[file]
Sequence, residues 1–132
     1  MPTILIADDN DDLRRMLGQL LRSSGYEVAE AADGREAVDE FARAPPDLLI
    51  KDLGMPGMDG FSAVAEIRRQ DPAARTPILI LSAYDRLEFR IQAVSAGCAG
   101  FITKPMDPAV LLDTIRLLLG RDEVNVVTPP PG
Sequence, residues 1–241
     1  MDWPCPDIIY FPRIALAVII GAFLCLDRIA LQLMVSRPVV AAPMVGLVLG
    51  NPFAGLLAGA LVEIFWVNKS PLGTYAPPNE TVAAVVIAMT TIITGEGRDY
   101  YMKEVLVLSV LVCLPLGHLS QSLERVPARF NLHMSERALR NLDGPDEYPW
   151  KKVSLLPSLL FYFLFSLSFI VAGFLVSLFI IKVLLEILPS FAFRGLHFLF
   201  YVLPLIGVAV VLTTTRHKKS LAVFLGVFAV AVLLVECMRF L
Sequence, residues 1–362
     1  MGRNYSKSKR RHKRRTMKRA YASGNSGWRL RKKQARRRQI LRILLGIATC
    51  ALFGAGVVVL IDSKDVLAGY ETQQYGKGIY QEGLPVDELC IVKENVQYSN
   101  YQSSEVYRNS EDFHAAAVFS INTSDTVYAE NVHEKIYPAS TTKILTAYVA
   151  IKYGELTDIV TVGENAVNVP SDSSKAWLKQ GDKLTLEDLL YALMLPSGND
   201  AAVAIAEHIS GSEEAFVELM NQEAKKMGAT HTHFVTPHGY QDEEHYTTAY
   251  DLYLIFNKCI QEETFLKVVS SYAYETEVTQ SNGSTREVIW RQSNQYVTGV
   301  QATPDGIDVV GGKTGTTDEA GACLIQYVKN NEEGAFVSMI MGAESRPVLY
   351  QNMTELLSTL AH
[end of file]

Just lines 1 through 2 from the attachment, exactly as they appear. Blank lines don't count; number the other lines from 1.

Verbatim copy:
Sequence, residues 1–132
     1  MPTILIADDN DDLRRMLGQL LRSSGYEVAE AADGREAVDE FARAPPDLLI